Disclosure—foreign language documents, translations and documents outside the jurisdiction
Disclosure—foreign language documents, translations and documents outside the jurisdiction

The following Dispute Resolution practice note provides comprehensive and up to date legal information covering:

  • Disclosure—foreign language documents, translations and documents outside the jurisdiction
  • Do I have to disclose translations of foreign language documents?
  • General Data Protection Regulation (GDPR)
  • Do I have to allow inspection of the translated foreign language document?
  • Do I have to translate foreign language documents?
  • Foreign jurisdiction issues in disclosure
  • Court specific guidance

This Practice Note addresses some issues to consider where you have documents in a foreign language which are potentially relevant to the dispute and which may be disclosable under CPR 31.

This Practice Note provides guidance on the interpretation and application of the relevant provisions of the CPR. Depending on the court in which your matter is proceeding, you may also need to be mindful of additional provisions—see further below.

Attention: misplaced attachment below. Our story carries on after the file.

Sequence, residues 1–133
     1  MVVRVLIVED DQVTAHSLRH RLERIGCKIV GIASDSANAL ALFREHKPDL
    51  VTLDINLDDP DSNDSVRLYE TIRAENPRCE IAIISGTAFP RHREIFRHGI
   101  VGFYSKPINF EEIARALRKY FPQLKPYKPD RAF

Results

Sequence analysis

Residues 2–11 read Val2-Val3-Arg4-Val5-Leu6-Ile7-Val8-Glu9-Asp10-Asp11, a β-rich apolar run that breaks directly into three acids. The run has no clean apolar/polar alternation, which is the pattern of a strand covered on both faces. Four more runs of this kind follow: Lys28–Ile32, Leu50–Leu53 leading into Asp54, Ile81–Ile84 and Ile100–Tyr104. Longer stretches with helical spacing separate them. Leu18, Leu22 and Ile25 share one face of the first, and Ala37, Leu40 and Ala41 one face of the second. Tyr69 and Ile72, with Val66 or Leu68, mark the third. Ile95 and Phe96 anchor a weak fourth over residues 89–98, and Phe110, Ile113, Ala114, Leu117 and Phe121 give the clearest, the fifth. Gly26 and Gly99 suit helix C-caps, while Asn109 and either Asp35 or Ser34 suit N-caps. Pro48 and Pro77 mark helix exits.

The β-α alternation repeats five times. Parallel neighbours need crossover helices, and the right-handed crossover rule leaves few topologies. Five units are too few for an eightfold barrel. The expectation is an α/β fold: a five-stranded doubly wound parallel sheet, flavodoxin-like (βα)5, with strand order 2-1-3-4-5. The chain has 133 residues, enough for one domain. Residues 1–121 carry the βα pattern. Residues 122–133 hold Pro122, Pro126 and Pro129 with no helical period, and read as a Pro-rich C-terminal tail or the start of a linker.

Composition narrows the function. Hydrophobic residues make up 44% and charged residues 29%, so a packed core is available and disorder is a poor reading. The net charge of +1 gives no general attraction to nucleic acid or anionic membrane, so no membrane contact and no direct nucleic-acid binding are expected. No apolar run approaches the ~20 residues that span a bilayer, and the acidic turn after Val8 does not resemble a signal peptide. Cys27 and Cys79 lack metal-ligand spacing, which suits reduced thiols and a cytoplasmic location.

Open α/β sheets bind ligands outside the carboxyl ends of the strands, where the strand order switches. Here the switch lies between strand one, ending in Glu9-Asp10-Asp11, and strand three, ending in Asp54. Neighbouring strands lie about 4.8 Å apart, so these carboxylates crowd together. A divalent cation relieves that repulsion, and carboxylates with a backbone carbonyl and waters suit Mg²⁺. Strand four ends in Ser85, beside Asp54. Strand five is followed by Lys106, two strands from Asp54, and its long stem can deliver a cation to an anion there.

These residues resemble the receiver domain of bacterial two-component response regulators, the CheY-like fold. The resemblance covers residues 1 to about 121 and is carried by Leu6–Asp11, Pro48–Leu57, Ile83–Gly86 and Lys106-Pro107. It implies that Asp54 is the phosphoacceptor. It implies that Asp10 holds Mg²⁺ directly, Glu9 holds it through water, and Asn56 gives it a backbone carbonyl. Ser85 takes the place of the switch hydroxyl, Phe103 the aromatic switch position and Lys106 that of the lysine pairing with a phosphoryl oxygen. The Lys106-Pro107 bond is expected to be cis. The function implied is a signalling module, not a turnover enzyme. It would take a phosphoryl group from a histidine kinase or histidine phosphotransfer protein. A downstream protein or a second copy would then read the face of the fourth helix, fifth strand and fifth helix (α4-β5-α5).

Do I have to disclose translations of foreign language documents?

Where a translation of a disclosable foreign language document has been obtained, that translation will generally also be disclosable. This is the case even where the translation only came into being after the litigation started or was in contemplation.

For guidance on:

  1. identifying which documents might be disclosable, see Practice Notes: Disclosure—introduction, Disclosure—identifying documents and Disclosure—standard disclosure and the reasonable search

  2. whether you are obliged to translate foreign language documents, see: Do I have to translate foreign language documents?

General Data Protection Regulation (GDPR)

Regulation (EU) 2016/679, GDPR applicable from 25 May 2018, relates to the processing of personal data and the free movement of such data and introduces substantial amendments to EU and UK data protection law. Typically, evidence involved in the disclosure process will include personal data. Clients and legal advisors may be data controllers and/or data processors and as such will need to comply with the GDPR.

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